Padmaavat Movie Review
|Direction||Sanjay Leela Bhansali|
|Producer||Sanjay Leela Bhansali
|Music||Sanjay Leela Bhansali
Sanchit Balhara (score)
Sanjay Leela Bhansali
|Production company||Bhansali Productions
Viacom 18 Motion Pictures
So much of expectations and upheavals across the country, Padmavati now rechristened as Padmaavat hits screens worldwide. Directed by country’s most fascinating and critically acclaimed filmmaker Sanjay Leela Bhansali, the film rewinds the historical event that happened in Medieval India. The film features Deepika Padukone, Shahid Kapoor, Ranveer Singh and Aditi Rao Hydari in lead roles.
The film is set against the backdrops of year 1303 AD, where the story revolves around Rani Padmavati
The film is set against the backdrops of year 1303 AD, where the story revolves around Rani Padmavati (Deepika Padukone), who travels from Ceylon, to Chitoor after marrying Maharawal Ratan Singh (Shahid Kapoor) of Rajput Kingdom. She is so famous for her beauty and justice, which gets to the senses of gruesome Sultan King Alauddin Khilji (Ranveer Singh) in Delhi. He wages war against the Rajput Kingdom desiring for Padmavati. Finally as he rages severely brutally shattering the warriors and King to capture her, she performs Jauhar to protect her dignity.
We are kept intact with the dramatic events and what stand out to be sparkling highlights are characterizations, nuance performances and technical attributes
Having the story been so much familiar, one might not feel the excitement of ‘What’s gonna happen next’ moment. But then, the emotional ingredient keeps us so much adhered to the drama. Sanjay Leela Bhansali doesn’t get the story go astray from the basic premise. We are kept intact with the dramatic events and what stand out to be sparkling highlights are characterizations, nuance performances and technical attributes.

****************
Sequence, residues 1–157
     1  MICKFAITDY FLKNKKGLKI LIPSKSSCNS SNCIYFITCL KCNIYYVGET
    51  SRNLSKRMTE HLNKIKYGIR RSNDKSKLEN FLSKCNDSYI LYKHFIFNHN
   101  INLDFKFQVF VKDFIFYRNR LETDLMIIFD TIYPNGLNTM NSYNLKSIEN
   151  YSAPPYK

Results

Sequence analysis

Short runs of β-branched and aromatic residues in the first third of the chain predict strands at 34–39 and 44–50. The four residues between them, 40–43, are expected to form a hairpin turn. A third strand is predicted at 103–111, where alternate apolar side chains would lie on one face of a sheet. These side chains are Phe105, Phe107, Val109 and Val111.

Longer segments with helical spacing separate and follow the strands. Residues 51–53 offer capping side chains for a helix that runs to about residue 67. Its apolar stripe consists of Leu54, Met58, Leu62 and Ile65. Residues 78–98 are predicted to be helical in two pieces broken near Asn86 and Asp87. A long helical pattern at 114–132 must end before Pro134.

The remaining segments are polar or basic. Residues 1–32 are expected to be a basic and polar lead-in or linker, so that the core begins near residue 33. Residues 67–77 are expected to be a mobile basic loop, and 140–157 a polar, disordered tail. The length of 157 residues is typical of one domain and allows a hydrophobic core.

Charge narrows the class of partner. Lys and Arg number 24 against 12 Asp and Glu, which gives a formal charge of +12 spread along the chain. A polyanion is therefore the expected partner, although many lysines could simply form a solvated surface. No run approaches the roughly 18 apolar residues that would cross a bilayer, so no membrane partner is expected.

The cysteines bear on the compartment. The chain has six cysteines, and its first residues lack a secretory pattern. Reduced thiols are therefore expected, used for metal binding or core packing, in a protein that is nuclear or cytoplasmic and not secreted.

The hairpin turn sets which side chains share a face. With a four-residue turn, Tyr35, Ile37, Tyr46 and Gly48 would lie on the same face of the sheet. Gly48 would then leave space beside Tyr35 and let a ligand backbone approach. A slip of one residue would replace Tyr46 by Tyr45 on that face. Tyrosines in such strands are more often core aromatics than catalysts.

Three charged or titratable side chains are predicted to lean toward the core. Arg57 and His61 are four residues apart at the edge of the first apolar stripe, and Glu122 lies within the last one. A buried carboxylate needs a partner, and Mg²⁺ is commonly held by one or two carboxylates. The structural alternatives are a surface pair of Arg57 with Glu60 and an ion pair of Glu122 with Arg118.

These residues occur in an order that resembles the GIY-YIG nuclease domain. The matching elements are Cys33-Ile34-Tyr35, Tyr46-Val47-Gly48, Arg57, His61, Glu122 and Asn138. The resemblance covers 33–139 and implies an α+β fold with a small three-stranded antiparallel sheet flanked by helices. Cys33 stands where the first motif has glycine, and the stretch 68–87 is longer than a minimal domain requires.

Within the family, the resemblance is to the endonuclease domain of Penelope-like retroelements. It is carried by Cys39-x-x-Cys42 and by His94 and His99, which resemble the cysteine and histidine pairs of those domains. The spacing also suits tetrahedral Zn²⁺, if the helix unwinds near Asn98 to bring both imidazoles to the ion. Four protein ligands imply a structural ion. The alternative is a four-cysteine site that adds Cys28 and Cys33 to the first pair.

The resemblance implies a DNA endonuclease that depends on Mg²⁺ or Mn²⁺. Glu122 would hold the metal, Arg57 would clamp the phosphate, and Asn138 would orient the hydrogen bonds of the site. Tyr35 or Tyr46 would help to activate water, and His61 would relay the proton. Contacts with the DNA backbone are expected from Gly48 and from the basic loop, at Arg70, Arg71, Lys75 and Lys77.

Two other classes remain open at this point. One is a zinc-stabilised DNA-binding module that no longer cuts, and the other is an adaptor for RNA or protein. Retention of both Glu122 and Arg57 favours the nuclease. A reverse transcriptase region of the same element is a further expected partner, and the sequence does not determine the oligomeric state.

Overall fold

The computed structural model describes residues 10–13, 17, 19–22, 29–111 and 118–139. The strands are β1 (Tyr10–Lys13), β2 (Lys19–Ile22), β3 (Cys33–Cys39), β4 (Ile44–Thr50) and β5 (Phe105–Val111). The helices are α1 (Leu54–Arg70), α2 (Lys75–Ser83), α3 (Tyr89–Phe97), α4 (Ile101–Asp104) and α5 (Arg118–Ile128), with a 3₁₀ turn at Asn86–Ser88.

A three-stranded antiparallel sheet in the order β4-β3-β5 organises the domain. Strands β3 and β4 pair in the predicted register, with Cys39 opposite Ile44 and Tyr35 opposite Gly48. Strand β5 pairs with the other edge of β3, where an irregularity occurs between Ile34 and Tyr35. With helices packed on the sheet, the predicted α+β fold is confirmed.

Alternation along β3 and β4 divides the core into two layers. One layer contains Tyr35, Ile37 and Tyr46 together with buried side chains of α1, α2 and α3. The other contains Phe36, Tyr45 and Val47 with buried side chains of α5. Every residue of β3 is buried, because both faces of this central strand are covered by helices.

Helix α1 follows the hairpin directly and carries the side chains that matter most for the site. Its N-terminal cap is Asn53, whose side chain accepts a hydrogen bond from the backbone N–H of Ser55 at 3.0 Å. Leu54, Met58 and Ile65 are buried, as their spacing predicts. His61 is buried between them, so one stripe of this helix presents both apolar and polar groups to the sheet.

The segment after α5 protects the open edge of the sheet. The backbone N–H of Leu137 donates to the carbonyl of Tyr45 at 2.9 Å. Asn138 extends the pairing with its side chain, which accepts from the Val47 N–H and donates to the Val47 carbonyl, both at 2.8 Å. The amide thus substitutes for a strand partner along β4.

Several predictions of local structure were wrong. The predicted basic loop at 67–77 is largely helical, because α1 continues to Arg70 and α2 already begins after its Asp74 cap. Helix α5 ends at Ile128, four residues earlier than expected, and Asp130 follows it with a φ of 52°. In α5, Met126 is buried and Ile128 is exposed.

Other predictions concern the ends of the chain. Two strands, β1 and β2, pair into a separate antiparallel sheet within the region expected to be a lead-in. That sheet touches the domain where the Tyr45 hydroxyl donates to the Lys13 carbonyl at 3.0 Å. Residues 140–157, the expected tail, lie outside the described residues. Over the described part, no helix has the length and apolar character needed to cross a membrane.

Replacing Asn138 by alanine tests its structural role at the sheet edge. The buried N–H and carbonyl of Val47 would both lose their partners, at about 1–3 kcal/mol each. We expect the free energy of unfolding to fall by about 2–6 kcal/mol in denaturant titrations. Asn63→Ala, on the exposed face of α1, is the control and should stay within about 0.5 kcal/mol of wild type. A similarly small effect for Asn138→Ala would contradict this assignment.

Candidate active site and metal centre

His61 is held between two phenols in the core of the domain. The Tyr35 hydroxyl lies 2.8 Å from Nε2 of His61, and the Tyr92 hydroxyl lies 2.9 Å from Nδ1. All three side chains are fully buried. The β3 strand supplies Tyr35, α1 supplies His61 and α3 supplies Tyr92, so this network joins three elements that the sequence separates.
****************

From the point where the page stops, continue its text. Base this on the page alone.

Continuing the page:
The background score by Sanchit Balhara is stunningly unparalleled, which sometimes escalates even some of the middling moments. The climax sequence exhibits his virtuoso work in orchestral composing. The DI works are worthy to be appreciated as this technical team elevates the visual intensity. The first hour travels with so much of engaging dramatic narration that 90 minutes doesn’t seem dragging. Even the second hour is so much compelling that ends on an emotional note.
The costume designers always find their sumptuous prominence in Sanjay Leela Bhansali movies. Over here, the grandeur surpasses his erstwhile movies and it’s extremely appealing to our astonishment.
Ranveer Singh steals the show with his hyper-active performance. Shahid Kapoor is quite commendable and it’s Deepika Padukone living into the skin of characterization. Since, there are lots of contradictory statements involving her existence in real life, we could see her very well as a fictional valour.
Keep away your historic research and Padmaavat will give the best impression. It’s not about the debate whether the Padmavathi existed or not, but it elevates the respect for women.